Two bowl barrows 500m north-east of Stancombe Farm

Overview

Heritage Category: Scheduled Monument

List Entry Number: 1012349

Date first listed: 23-Oct-1970

Date of most recent amendment: 02-Aug-1991

Map

Ordnance survey map of Two bowl barrows 500m north-east of Stancombe Farm
© Crown Copyright and database right 2018. All rights reserved. Ordnance Survey Licence number 100024900.
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Location

The building or site itself may lie within the boundary of more than one authority.

District: West Berkshire (Unitary Authority)

Parish: Lambourn

County: Oxfordshire

District: Vale of White Horse (District Authority)

Parish: Letcombe Bassett

National Grid Reference: SU 35712 82516

Summary

Legacy Record - This information may be included in the List Entry Details.

Reasons for Designation

Bowl barrows, the most numerous form of round barrow, are funerary monuments dating from the Late Neolithic period to the Late Bronze Age, with most examples belonging to the period 2400-1500 BC. They were constructed as earthen or rubble mounds, sometimes ditched, which covered single or multiple burials. They occur either in isolation or grouped as cemeteries and often acted as a focus for burials in later periods. Often superficially similar, although differing widely in size, they exhibit regional variations in form and a diversity of burial practices. There are over 10,000 surviving bowl barrows recorded nationally (many more have already been destroyed), occurring across most of lowland Britain. Often occupying prominent locations, they are a major historic element in the modern landscape and their considerable variation of form and longevity as a monument type provide important information on the diversity of beliefs and social organisations amongst early prehistoric communities. They are particularly representative of their period and a substantial proportion of surviving examples are considered worthy of protection.

The Stancombe Farm barrows are particularly important as they survive well and, despite partial excavation of the site, have potential for the recovery of environmental evidence and additional archaeological remains, especially in the area of the ditches and on the buried ground surface.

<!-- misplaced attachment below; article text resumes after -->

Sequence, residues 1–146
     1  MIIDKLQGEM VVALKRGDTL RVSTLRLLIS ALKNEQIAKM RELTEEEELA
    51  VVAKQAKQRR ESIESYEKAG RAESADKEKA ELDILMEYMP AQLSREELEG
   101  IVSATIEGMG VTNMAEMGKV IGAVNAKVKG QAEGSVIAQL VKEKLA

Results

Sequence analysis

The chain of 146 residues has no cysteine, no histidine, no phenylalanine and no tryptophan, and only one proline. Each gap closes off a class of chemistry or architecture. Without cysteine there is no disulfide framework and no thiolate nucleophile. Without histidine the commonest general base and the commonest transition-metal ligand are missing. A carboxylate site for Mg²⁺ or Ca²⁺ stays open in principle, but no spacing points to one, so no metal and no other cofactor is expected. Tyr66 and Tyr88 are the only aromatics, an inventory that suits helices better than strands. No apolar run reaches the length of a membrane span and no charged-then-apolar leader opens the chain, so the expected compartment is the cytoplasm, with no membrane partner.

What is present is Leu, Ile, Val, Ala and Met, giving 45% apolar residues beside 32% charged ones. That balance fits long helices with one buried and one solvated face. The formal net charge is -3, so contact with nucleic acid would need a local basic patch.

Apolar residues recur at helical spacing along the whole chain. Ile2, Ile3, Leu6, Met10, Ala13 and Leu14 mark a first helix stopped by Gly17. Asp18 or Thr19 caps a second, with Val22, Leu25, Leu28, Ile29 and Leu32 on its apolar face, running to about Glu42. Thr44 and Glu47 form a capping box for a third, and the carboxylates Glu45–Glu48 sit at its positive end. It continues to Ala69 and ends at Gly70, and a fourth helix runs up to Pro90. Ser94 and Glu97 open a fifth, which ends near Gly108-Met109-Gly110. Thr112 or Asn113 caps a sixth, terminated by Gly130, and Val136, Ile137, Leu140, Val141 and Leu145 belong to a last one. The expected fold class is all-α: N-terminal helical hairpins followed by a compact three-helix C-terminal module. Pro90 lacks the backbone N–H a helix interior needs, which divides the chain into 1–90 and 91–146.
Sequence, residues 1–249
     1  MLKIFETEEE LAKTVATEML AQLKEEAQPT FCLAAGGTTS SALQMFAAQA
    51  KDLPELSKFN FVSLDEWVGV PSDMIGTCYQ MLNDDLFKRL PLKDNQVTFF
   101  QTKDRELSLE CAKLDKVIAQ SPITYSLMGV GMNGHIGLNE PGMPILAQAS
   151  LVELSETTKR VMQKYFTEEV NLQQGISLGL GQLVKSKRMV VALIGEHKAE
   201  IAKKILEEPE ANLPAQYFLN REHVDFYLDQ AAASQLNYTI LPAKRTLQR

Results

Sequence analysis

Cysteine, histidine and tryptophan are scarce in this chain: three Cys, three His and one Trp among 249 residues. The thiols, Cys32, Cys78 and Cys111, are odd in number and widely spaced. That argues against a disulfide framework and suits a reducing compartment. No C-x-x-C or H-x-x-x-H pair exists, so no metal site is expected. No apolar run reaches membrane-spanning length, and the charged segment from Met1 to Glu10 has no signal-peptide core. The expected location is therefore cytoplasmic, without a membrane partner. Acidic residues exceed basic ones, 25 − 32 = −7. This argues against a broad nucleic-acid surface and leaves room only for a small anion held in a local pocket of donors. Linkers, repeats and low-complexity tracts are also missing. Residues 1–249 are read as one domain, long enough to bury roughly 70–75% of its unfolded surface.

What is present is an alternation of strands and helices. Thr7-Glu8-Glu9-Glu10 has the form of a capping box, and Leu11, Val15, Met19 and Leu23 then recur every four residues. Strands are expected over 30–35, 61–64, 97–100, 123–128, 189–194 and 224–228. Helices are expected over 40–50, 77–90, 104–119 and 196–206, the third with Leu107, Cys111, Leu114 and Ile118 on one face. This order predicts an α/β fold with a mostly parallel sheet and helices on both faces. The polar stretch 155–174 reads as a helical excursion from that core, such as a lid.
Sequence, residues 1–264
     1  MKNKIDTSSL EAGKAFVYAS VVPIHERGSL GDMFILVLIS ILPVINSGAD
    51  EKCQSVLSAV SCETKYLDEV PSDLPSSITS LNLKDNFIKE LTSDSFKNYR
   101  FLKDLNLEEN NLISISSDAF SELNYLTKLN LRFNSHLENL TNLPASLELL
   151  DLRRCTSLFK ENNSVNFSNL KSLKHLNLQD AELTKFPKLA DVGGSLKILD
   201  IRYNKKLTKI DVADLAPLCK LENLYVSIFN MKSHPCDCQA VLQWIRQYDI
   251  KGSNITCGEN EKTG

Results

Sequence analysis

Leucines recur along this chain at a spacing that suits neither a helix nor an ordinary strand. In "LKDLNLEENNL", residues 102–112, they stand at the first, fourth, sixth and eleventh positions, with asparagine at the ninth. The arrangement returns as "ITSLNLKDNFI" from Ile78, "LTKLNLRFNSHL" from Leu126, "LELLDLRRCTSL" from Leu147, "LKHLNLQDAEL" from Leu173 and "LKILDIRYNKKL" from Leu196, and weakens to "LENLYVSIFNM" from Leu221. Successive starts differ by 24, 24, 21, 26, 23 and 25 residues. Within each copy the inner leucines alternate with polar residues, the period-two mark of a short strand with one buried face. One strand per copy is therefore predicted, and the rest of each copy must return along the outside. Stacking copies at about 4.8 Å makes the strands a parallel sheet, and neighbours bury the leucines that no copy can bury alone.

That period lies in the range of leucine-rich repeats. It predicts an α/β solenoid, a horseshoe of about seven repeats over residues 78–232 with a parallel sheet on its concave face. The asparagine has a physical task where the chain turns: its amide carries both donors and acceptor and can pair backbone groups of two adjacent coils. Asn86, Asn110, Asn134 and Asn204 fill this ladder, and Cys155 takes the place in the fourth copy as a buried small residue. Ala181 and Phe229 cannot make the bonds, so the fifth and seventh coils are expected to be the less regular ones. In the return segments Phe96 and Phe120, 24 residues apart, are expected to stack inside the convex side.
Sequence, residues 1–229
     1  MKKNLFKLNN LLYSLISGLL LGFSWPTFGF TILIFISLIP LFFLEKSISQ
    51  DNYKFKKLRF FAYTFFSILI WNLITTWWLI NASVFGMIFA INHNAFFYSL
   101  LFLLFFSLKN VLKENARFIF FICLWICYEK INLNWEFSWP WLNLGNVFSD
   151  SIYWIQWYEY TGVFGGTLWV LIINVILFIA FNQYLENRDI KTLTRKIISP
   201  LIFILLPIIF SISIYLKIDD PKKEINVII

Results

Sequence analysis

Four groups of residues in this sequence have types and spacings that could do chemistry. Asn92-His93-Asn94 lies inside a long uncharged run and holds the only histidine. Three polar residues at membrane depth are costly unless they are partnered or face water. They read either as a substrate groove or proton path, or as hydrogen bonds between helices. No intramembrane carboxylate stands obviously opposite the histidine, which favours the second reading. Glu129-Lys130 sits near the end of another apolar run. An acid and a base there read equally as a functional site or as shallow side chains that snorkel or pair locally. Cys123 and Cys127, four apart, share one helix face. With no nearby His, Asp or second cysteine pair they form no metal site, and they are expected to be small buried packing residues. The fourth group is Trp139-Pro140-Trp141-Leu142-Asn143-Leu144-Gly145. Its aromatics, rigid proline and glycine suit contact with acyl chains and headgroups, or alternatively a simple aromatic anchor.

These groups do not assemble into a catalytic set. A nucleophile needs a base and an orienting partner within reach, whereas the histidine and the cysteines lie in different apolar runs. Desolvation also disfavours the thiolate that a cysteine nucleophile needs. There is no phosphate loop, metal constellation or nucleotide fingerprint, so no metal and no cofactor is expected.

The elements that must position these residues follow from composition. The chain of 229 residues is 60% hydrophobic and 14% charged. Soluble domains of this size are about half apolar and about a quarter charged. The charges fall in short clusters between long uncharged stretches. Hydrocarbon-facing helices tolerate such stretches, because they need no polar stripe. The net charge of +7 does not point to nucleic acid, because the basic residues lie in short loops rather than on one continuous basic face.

History

Legacy Record - This information may be included in the List Entry Details.

Details

The monument includes two bowl barrows set on a gentle south-east facing slope, above the floor of a dry valley and in an area of undulating chalk downland. The southwestern barrow survives to a height of 1.8m and has a maximum diameter of 16m. Traces of a ditch, from which material was quarried during the construction of the monument, can be seen to the NW and SE of the mound. It survives to a width of 5m and an average depth of 0.5m. Adjacent to this mound on the NE side is a second bowl barrow. This survives to a height of 1.5m and has a diameter of c.20m. Traces of the ditch can be seen to the NW of the mound where it survives to a maximum depth of 0.9m and a width of c.5m. Both of the mounds were partially excavated in the late 19th century by Canon Greenwell, a prolific excavator of barrows. Finds included animal bones, pottery, and in the north-eastern mound a cremation burial.

MAP EXTRACT The site of the monument is shown on the attached map extract. It includes a 2 metre boundary around the archaeological features, considered to be essential for the monument's support and preservation.

Legacy

The contents of this record have been generated from a legacy data system.

Legacy System number: 12069

Legacy System: RSM

Sources

Books and journals
Greenwell, Canon, 'Archaeologia' in Archaeologia (Volume 52), , Vol. 52, (1890), 59-61
Grinsell, L V, 'Berkshire Archaeological Journal' in Berkshire Archaeological Journal (Volume 40), , Vol. 40, (1936), 36
Piggott, S, 'Proceedings of the Prehistoric Society' in Proceedings of the Prehistoric Society: Volume 4, , Vol. 4, (1938), 102

End of official listing